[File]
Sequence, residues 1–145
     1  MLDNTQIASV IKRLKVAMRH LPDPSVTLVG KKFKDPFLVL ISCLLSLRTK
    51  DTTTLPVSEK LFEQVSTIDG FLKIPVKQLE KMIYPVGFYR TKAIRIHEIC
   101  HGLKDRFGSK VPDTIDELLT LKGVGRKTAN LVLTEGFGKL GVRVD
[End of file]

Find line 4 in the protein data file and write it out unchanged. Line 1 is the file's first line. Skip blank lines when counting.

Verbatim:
   101  HGLKDRFGSK VPDTIDELLT LKGVGRKTAN LVLTEGFGKL GVRVD